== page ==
I have some problems to understand the datasheet of the transistor KSP44 (and transistor in general).

I need to control a LED strip. I want to switch it up through a transistor NPN. My transistor will be triggered by an Arduino, so I can apply maximum 20mA on the BASE of the transistor.

I have looked for a transistor, and I have found the KSP44.

I see on its Maximum Rating values that it can sink max 300mA on the COLLECTOR pin, and to switch, on my LED strip I need 150mA.

enter image description here

Where I have a doubted is about the Electrical Characteristics table of the datasheet. The maximum current in a saturated state of the transistor is 50mA. So could you tell me?

Can I use this transistor to sink 150mA on the COLLECTOR pin?

enter image description here

Thank you much.

  • \$\begingroup\$ Do you really need a 400V transistor? \$\endgroup\$ – Steve G Aug 1 '18 at 11:19
  • \$\begingroup\$ Not at all, I need a solution to sink a current of 150mA through the COLLECTOR triggered by a BASE current not exceding 20mA \$\endgroup\$ – FrancNovation Aug 2 '18 at 7:48
  • \$\begingroup\$ A 400V transistor is designed to withstand 400V and so compromises other parameters such as DC current gain hFE. The KSP44 is not a good part to use in this application. \$\endgroup\$ – Steve G Aug 2 '18 at 9:00

Remember that a Bipolar Junction Transistor is an amplifier.

By feeding the Base a current, it allows 40-200x more current to flow from Collector to Emitter (see hFE, Current Gain Characteristic).

To enable this amplification, you must saturate the Collector-Emitter field (Vce) and the Base-Emitter field (Vbe). Looking at the datasheet, we can see a potential difference of 0.75V is needed across the Collector to the Emitter, and also 0.75V across the Base and Emitter. The column labelled "Test Conditions" isn't useful for you.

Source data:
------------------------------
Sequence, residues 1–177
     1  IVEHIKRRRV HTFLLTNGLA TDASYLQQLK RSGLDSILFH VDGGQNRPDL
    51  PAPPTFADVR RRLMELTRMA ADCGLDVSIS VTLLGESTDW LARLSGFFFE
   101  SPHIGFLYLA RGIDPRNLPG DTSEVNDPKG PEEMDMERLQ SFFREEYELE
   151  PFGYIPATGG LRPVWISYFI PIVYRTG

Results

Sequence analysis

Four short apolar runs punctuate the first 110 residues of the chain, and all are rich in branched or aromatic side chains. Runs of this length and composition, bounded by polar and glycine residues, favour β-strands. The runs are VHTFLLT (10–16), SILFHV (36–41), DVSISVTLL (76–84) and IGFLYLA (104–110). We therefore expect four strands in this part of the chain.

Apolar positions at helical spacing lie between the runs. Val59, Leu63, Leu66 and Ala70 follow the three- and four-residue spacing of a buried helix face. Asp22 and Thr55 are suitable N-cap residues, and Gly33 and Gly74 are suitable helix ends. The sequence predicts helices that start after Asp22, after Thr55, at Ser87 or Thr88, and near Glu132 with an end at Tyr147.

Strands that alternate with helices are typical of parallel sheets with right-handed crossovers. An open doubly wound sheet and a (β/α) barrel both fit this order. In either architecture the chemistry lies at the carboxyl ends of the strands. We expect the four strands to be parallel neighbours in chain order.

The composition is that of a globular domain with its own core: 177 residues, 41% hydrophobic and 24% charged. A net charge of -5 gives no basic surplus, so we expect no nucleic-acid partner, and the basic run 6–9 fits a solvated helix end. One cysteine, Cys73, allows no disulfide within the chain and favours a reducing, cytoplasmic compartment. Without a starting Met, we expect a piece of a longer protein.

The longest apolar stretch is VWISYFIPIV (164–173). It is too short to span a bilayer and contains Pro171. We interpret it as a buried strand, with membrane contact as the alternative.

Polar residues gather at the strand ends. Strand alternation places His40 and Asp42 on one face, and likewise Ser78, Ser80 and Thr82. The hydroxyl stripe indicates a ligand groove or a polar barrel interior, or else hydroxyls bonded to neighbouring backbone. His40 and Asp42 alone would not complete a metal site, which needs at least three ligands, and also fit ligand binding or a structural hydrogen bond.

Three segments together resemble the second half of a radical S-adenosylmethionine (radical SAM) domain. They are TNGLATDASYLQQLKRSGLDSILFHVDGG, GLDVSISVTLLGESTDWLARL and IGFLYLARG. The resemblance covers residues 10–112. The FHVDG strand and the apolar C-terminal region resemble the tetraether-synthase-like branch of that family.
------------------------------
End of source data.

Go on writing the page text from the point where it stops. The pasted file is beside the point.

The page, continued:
Now, looking at Figure 1 of the datasheet, 150mA Collector current sets the DC Current Gain (hFE) at around 70x.

150mA / 70 = 2.1428mA is needed at the Base (at 10v Vce).

  • \$\begingroup\$ Thank you really much for your answer ! How have you calculated the of hfe at 70x for 150mA sinked ? It is great if you can explain me. \$\endgroup\$ – FrancNovation Aug 1 '18 at 9:25

The maximum current in a saturated state of the transistor is 50mA.

It still has a maximum rating of 300 mA but there's another problem. What the VCE(sat) value is implying is that you have only got a DC gain of 10 (Ic = 50 mA, Ib = 5mA) if you want to saturate the transistor.

I suspect that you want to pretty-much saturate the transistor so to drive 150 mA through the collector you will need at least 15 mA at the base (by implication) and I'm unsure if an Arduino pin is going to like doing this for sustained periods.

  • \$\begingroup\$ I don't think you can draw that implication because the test would current limit Ibe and Ice. vishay.com/docs/80061/80061.pdf Unless I have missed something? \$\endgroup\$ – MIL-SPEC Aug 1 '18 at 9:15
  • \$\begingroup\$ It's a fairly simple and easy conclusion to draw. If the circuit relies on the transistor saturating, the hFE of the device is going to be about 10. I'm unsure what the relevance of the pdf is that you linked @MIL-SPEC \$\endgroup\$ – Andy aka Aug 1 '18 at 9:26
  • \$\begingroup\$ It is true, I hope that MIL-SPEC is right, in this case I could sink 150mA on the COLLECTOR without damage on the ARDUINO ouput \$\endgroup\$ – FrancNovation Aug 1 '18 at 9:27
  • \$\begingroup\$ @KevHV look at figure 5 in the data sheet for the device. However, you may have sufficient voltage in your circuit to be able to drive the LEDs sufficiently without having too much transistor saturation - this then requires less base current but, if the transistor is then dropping (say) 3 volts when on, the power dissipated by it will be 450 mW - can you live with this power loss? Maybe show your intended schematic. \$\endgroup\$ – Andy aka Aug 1 '18 at 9:32

Your Answer

By clicking “Post Your Answer”, you agree to our terms of service, privacy policy and cookie policy

Not the answer you're looking for? Browse other questions tagged or ask your own question.